hoped he might be allowed to call attention to the great cruelty inflicted on the poor, especially in the manufacturing districts, by the conduct of the new poor-law auditors, who were acting under the direction of the Poor Law Commissioners. When he told the right hon. Gentleman what had occurred in his own parish, and added, that it was not an isolated fact, but occurring in every large manufacturing town in Yorkshire and Lancashire, he thought he should convince both the right hon. Gentleman and the House, that the Government ought instantly to interfere, and rescue the distressed operatives from the clutches of the Commissioners and their auditors. It had been usual, from time immemorial, in the parish with which he was connected, for the ratepayers annually to direct the constable of the town to relieve any case of urgent distress with which he met: for instance, if in the night time he found a person lying out of doors in the street, without the means of procuring a bed, he was to take that destitute person to a lodging-house, pay for his bed, provide him with victuals, and give him a trifling sum to pass him on the road towards his destination, whatever that might be. But, in spite of this leave given by the ratepayers, the auditor of the Keighley union had apprised the constable, that if he should again be guilty of any such offence, and dare to relieve a person under such circumstances, though he might be dying of want, the constable's accounts should not be passed, and he should pay the money out of his own pocket. The consequence was, that the poor were knocked about from pillar to post; they knew not where to fly for protection; the board of guardians told them they had now no authority—that they were worse used than ever at Somerset House—that formerly they had some control over the poor rates, but that now they had none. These auditors had literally given notice to the boards of guardians, that they would commence actions against them if they were guilty of the slightest act of charity contrary to the instructions from Somerset House; and there was a feeling now springing up in the north of England, that the poor had no means of escape from misery and starvation. He had frequently brought such things before the notice of the House; he did so with more cheerfulness now, because on occasions when the interests of the poor were being discussed within those walls, he had seen the right hon. Gentleman the present Home Secretary exhibit a feeling of humanity which, he was sorry to say, he did not see exhibited by the late Home Secretary. He felt convinced that the right hon. Gentleman would immediately take steps to inquire into the truth of the statement which had just been made in his presence; and if it should be denied by the Commissioners, the evidence of the constable himself should be forthcoming. When the right hon. Gentleman found the statement to be accurate, it was to be hoped he would put a stop to such cruelty and oppression.


rose to confirm the statement, that the conduct of guardians in some unions was driving the poor from one parish to another, without their obtaining relief; and at the same time to observe, that the greatest cruelties inflicted upon the poor during this very inclement season arose from the crass ignorance of boards of guardians, and their laziness in failing to make themselves acquainted with the provisions of the law which they were called upon to administer. There was no case of suffering such as the hon. Member had described, in which the guardians had not, under the present law, full power to grant relief out of the house. It had been the practice to refuse it, but there was no law to that effect. The Poor Law Amendment Act did not say one word about prohibiting out-door relief. There was an order issued by the Commissioners prohibiting it—[Mr. FERRAND: Is not that law?]—but that rule had appended to it certain exceptions, one of which included cases of sudden and urgent necessity. When that rule was promulgated, he went to the right hon. Gentleman the then Home Secretary, and remarked that the exception gave the guardians all the power which they could fairly wish to have, if they were to be allowed to construe the exception, and to say what was and what was not a case of urgent necessity. That right hon. Gentleman promised to consider and state publicly whether that was so; and after an interval of a day or two, he stated in the House that the boards of guardians were the only persons who had a right to construe and give effect to the words in question. What right, then, had the guardians to tell poor persons, reduced to necessity by the loss of the potato crop, three-fourths of their winter food, that they could not relieve them out of the house? He, in the union in which he was an ex-officio guardian, had carried a proposition to grant such persons out-door relief, and the Poor Law Commissioners had sanctioned every such act, and refused to interfere with the discretion of the board of guardians. It was most important that at the present time of distress, with the apprehension afloat that it was likely to be increased between this and next harvest, the boards of guardians should know their power, and that the ratepayers should understand that if a board did not exercise this power, the board and not the Commisioners ought to be blamed for any misfortune or distress which was the consequence.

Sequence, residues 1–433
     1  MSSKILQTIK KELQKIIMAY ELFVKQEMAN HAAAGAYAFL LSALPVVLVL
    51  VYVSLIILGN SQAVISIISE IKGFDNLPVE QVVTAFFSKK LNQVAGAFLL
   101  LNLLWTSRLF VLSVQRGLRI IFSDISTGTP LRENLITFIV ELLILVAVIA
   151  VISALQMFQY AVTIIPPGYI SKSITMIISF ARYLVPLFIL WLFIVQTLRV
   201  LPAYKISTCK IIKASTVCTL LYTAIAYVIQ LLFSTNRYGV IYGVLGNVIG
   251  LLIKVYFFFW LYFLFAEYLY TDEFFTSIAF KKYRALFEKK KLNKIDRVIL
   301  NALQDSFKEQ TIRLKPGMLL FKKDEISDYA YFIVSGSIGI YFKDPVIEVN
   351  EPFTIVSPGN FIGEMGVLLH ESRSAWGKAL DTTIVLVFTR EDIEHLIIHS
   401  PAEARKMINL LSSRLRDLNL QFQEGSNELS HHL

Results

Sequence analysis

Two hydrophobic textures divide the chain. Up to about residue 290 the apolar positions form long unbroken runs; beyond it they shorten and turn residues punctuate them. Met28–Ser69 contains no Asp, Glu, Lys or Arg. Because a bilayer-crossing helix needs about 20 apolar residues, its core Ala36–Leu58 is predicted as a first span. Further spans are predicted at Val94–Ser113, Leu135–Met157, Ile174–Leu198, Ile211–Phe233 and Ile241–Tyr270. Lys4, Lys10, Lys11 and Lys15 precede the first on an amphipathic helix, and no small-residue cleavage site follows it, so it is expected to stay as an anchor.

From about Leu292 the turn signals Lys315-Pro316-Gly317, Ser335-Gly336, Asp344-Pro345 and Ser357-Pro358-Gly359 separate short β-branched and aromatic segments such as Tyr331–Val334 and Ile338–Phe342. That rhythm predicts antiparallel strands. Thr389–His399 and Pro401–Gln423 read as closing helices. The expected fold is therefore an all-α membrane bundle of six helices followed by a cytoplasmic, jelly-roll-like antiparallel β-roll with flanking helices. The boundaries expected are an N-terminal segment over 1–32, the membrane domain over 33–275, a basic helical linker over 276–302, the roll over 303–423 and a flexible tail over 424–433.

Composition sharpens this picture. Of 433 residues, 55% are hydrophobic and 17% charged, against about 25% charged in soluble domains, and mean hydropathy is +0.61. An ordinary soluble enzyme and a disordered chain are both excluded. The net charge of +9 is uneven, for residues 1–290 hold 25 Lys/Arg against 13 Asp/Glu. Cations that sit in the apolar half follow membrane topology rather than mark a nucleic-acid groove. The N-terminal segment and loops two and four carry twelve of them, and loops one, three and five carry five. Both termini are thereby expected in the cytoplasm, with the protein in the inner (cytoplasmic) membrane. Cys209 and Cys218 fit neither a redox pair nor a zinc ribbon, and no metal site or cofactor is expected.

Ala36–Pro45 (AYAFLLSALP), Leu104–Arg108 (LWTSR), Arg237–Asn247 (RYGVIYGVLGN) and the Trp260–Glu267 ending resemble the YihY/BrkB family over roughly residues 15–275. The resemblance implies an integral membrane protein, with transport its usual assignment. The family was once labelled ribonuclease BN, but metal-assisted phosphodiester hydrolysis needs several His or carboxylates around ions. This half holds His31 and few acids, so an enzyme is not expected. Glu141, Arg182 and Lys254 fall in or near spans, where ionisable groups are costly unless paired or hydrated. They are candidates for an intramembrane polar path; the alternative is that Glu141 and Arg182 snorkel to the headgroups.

thought the hon. Member (Mr. Escott) mistaken in his law. It was right that boards of guardians should know their powers, but it was right also that they should know the powers given to the auditor. The auditor could disallow charges for such relief as this, and make the relieving officer pay them out of his own pocket. He (Mr. Spooner) knew several instances where that had been done; he knew one in Worcestershire, where, in a case of distress, the guardians ordered immediate relief to a family, and the auditor struck the item out, and the relieving officer had to pay it out of his own pocket. But it was not the intention of the framers of the poor law, that one man should have the power of refusing to allow relief to be given, when the board of guardians had thought it right that it should be given; and if the House were aware of the facts as they occurred, they would not suffer the law to remain as it was.


believed that the hon. Member for Winchester (Mr. Escott) had correctly stated the law, and that the auditors had no power to refuse confirming the orders of the board of guardians. In the Worcestershire instance, the auditor must have acted illegally, and he had rendered himself liable to penalties. But the poor were suffering under these illegal acts; and the noble Lord should remember, when he came to make his statement on Friday, that these were abuses for which the present law had afforded facility, and the recurrence of which should be provided against.

Motion agreed to.